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Web Auction Sites Link To Safety

joie chen, washington nationals, chad cordero
CBS
The U.S. Consumer Product Safety Commission (CSPC) said Friday it reached agreement with Internet auction sites eBay Inc. and Amazon.com Inc. to make it easier for customers to identify dangerous products sold online.

The commission said links to a special page warning of the dangers of recalled products would be placed immediately on portions of the eBay site and would appear soon in confirmation notices sent out from Amazon.com's auction site, which already links to CSPC.

The information would be available as a link from both the bidder and seller forms for certain products in addition to the "Tips for Buyers," "Tips for Sellers" and "Is my item allowed on eBay?" sections of the www.ebay.com site.

"Consumer education plays a critical role in eBay's dynamic marketplace," said Brian Swette, eBay's chief operating officer. "CPSC's new initiative will present our users with an important new tool to educate themselves about recalled products."

"Amazon.com Auctions is pleased to take part in this important initiative as it is consistent with several other unique programs we have implemented to protect customers," said Jeff Blackburn, the general manager of Amazon.com Auctions.

"A primary goal has always been to ensure a safe shopping and bidding experience for our valued customers".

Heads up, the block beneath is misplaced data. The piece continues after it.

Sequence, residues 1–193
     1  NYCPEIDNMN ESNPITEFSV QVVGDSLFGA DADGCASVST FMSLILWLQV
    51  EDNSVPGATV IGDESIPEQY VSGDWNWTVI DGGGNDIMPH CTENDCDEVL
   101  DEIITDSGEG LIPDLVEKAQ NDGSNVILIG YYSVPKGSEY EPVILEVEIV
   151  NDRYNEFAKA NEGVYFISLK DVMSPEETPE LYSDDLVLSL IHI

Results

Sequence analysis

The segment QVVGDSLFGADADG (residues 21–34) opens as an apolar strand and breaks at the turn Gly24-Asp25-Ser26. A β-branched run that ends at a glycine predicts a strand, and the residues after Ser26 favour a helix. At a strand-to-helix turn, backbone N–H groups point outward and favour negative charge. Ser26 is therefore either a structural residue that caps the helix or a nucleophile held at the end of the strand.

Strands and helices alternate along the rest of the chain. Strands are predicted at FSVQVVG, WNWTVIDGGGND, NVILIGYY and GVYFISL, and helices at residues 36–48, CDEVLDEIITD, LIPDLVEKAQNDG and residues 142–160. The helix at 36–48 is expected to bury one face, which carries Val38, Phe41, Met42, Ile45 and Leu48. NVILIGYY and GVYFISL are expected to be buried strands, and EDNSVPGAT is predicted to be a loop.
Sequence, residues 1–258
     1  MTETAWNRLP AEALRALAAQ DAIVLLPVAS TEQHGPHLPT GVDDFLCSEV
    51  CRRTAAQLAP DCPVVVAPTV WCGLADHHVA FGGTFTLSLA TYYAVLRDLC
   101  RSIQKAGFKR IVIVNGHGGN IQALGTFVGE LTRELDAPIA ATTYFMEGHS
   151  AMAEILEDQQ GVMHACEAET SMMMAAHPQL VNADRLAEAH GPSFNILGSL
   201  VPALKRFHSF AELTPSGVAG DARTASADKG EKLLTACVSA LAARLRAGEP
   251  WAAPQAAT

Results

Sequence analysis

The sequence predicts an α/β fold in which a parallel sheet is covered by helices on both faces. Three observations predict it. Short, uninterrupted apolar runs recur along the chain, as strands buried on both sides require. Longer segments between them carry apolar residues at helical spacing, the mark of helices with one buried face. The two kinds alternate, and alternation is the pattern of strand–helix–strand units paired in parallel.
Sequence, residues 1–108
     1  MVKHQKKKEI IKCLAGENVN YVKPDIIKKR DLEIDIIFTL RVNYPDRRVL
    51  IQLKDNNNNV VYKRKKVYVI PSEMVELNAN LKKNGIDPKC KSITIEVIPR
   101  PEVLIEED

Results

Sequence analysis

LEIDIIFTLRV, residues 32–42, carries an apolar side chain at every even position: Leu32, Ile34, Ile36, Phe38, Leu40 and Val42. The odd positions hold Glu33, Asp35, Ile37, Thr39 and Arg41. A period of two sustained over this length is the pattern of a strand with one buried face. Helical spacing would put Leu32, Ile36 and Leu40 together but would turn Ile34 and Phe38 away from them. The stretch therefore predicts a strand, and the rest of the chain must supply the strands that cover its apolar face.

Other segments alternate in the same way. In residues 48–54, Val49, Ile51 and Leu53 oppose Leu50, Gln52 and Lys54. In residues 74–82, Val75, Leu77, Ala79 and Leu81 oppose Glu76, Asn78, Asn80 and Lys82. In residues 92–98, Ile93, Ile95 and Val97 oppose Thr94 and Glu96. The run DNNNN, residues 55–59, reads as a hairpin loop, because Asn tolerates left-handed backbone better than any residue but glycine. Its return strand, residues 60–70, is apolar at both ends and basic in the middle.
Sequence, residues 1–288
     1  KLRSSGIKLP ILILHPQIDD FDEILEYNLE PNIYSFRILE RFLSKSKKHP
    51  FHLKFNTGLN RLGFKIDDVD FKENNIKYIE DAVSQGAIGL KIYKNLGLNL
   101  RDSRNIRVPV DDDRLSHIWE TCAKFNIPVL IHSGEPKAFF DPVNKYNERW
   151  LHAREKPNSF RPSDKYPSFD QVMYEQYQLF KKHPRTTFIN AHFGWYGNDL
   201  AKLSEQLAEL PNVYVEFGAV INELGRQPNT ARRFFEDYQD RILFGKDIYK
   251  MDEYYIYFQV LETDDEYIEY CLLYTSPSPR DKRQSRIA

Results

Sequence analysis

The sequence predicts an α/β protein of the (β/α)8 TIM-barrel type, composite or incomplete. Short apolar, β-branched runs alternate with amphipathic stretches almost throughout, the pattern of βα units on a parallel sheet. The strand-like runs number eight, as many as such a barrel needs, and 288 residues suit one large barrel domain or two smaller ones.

Customers bid for and sell tools, toys, exercise equipment and other products at the www.amazon.com site.

The CSPC, an indepndent government agency, has banned or recalled "hundreds of hazardous products...over the years because a defect or hidden hazard made them dangerous and sometimes deadly to consumers," said CPSC Chairperson Ann Brown.

The advent of the Internet means items bought before CSPC had a chance to recall them may be sold again.

"CSPC can get these product off of store shelves, but it is more difficult to get them out of people's homes," said CPSC chairman Ann Brown.

David Butler, media director for the advocacy group Consumers Union, said the decision by eBay and Amazon was "a very positive move."

"One of the biggest challenges for consumers in judging products is getting up-to-date information about recalls and other factors," he said.

However, while regular retailers must enforce recalls and bans themselves by pulling targeted items from the shelves, Amazon and eBay are leaving it up to the consumer to do the checking.

"We definitely think businesses should play a greater role in carrying the responsibility for the products they sell," said Butler. "The responsibility for Internet sellers should be the same [as for] brick and mortar business."

Indeed, in Friday's press release, CPS said it "is seeking greater protection for consumers online, as it has sought protection for consumers in brick and mortar stores for years."

One of those efforts is Operation Safe Online Shopping (SOS), launched in December 1999 to monitor web sites for "recalled, illegal and potentially hazardous consumer products being sold in cyberspace."

Consumers wondering if a product has been banned or recalled can go to CPSC's web site at www.cpsc.gov, or call CPSC's Hotline at (800) 638-2772.

The announcement was a bit of good PR on a bad day for eBay and its shareholders.

The company's stock dropped 31 1/8 after it said it was subpoenaed in connection with a U.S. Justice Department investigation into possible price-fixing at fellow auctioneers Christie's International and Sotheby's.